Ch 6b: Muscle Tissue and Nervous Tissue Flashcards Preview

A&P I Exam 1 > Ch 6b: Muscle Tissue and Nervous Tissue > Flashcards

Flashcards in Ch 6b: Muscle Tissue and Nervous Tissue Deck (32)
Loading flashcards...
1

what are the three types of muscle tissue

1. skeletal
2. cardiac
3. smooth

2

what is the structure of skeletal muscle

long, multi-nucleated cells (fibers); striated ( sarcomeres arranged in bands ); cells run in parallel direction

3

what is the function of skeletal muscle

voluntary contractions

4

what is the location of skeletal muscle

attach to bone via tendons; attach to axial and appendicular divisions of the skeleton

5

what is the structure of cardiac muscle

small, mono-nucleated cells; striated ( sarcomeres arranged in bands ); contain intercalated discs (junction between cells and allows spread of nervous impulse); branching of cells

6

what is the function of cardiac muscle

involuntary contractions

7

what is the location of cardiac muscle

heart

8

what is the structure of smooth muscle

small, mono-nucleated cells; non-striated ( no sarcomeres or bands present ); cells flow into each other

9

what is the function of smooth muscle

involuntary contractions

10

what is the location of smooth muscle

walls of blood vessels(circulation of blood); and viscera (except heart)

11

what are the three parts of a neuron

1. dendrite
2. cell body (soma)
3. axon

12

dendrite

one or more; pick up nerve impulse (action potential) and send to cell body

13

cell body (soma)

one; contains the nucleus; translates the incoming impulse (message)

14

axon

one; longest part of neuron; picks up translated message from the cell body and sends to target (effector organ)

15

effector organ

can be another neuron; gland; or muscle

16

glial cells (neuroglia)

these are supporting cells; do not conduct nerve impulses; are found in both the Central Nervous System ( Brain and Spinal Cord ) and the Peripheral Nervous System ( outside of brain & spinal cord )

17

tissue growth

1. Tissues grow because their cells increase in number or size.
2.Most embryonic or childhood growth occurs by hyperplasia (tissue growth by multiplication).
3. Skeletal muscle and adipose tissue grow through hypertrophy (the enlargement of pre-existing cells).
4. Neoplasia (is the development of a tumor, whether benign or malignant, and is composed of abnormal, nonfunctional tissue).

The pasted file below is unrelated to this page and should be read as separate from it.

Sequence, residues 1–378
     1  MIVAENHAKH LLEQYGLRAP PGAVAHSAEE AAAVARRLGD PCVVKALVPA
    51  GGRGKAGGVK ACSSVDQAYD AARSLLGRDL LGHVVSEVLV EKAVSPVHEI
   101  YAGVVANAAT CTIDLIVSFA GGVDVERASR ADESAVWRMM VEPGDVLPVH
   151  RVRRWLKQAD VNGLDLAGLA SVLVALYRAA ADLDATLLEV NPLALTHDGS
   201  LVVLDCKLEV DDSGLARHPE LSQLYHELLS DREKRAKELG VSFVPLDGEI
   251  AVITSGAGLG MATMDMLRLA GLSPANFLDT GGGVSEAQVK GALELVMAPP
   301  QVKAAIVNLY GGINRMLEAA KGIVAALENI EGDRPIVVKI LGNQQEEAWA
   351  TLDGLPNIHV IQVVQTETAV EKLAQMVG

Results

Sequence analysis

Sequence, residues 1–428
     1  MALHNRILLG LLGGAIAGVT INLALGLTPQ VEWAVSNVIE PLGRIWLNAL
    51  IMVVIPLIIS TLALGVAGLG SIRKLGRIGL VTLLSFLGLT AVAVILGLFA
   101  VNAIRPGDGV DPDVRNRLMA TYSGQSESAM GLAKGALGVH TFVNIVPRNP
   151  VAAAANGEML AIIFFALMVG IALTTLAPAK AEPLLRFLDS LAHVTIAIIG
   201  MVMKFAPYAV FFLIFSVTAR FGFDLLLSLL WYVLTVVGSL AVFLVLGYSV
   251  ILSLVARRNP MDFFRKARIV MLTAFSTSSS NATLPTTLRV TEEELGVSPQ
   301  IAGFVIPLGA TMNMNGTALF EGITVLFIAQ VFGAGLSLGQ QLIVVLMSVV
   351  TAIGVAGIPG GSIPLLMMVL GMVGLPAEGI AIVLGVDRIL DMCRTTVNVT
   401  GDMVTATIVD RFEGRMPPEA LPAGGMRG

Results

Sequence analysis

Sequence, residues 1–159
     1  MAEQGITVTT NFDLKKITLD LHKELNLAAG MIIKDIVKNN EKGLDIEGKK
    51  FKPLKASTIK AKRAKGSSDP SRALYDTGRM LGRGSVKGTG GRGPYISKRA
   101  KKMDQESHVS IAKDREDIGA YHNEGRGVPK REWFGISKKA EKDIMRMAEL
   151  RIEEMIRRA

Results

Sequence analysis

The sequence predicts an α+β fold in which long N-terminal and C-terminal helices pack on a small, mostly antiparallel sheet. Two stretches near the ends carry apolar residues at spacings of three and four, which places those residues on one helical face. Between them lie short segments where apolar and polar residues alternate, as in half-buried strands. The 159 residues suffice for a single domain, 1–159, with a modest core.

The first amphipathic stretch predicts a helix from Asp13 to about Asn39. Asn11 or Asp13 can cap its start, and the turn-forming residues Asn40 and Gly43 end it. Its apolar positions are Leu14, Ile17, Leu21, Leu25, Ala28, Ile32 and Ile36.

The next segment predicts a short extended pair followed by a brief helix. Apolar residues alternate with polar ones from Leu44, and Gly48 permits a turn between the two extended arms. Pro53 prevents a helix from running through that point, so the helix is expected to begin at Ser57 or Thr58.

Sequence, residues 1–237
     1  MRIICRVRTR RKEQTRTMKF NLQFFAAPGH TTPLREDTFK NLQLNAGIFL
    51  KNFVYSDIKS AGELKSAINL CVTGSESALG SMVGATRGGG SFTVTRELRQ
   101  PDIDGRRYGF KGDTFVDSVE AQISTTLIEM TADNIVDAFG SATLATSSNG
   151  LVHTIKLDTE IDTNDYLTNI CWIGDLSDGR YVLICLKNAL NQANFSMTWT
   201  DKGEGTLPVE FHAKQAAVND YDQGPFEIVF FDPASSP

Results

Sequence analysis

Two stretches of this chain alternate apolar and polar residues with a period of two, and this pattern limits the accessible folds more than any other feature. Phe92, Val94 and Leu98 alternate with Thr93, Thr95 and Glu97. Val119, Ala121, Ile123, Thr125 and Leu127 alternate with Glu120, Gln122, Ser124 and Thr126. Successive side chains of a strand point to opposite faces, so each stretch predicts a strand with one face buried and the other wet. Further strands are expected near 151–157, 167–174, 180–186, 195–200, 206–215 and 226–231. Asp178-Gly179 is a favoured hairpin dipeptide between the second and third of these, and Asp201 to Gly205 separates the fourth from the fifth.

18

tissue development

1. Embryonic Tissue undergoes differentiation
2. Epithelia can sometimes exhibit metaplasia
3. stem cells

19

differentiation

(the development of a more specialized form and function); i.e. the differentiation of mesenchyme to muscle

20

metaplasia

(a change from one type of mature tissue to another); i.e. pre-puberty vaginal epithelia is simple cuboidal, and at puberty changes to stratified squamous

21

stem cells

Are undifferentiated cells that are not yet performing any specialized function, but have the potential to differentiate into one or more types of mature, functional cells

22

embryonic stem cells

1. Compose the early embryo

2.Totipotent stem cells – have the potential to develop into any type of fully differentiated human cell, not only cells of the later embryonic, fetal, or adult body, but also cells of the temporary structures of pregnancy, such as the placenta and amniotic sac; have unlimited developmental plasticity

3.Pluripotent stem cells – have the potential to develop into any cell type of the embryo, but not into the accessory organs of pregnancy; have somewhat limited developmental plasticity

23

adult stem cells

1. Occur in small numbers in mature organs and tissues throughout a person’s life.

2. An adult stem cell divides mitotically; one of the daughter cells remains a stem cell, and the other one differentiates into a mature specialized cell

3 .Multipotent stem cells – able to develop into two or more different cell lines; some bone marrow stem cells can give rise to all types of blood cells

4. Unipotent stem cells – can produce only one mature cell type; cells that give rise to egg and sperm cells

24

what are the two ways damaged tissue can repair

1. regeneration
2. fibrosis

25

regeneration

the replacement of dead or damaged cells by the same type of cells as before; restores normal function to the organ; most skin injuries heal by regeneration

26

fibrosis

the replacement of damaged tissue with scar tissue, composed mainly of collagen produced by fibroblasts; scar tissue helps hold the organ together, but it does not restore normal function; scarring of lungs after tuberculosis infection

27

atrophy

is the shrinkage of a tissue through a loss in cell size or number; it results from normal aging (senile atrophy) and lack of use of an organ (disuse atrophy)

28

necrosis

is premature, pathological tissue death due to trauma, toxins, or infection;

29

infarction

is the sudden death of tissue that occurs when its blood supply is cut off;

30

gangrene

is any tissue necrosis resulting from an insufficient blood supply, usually involving infection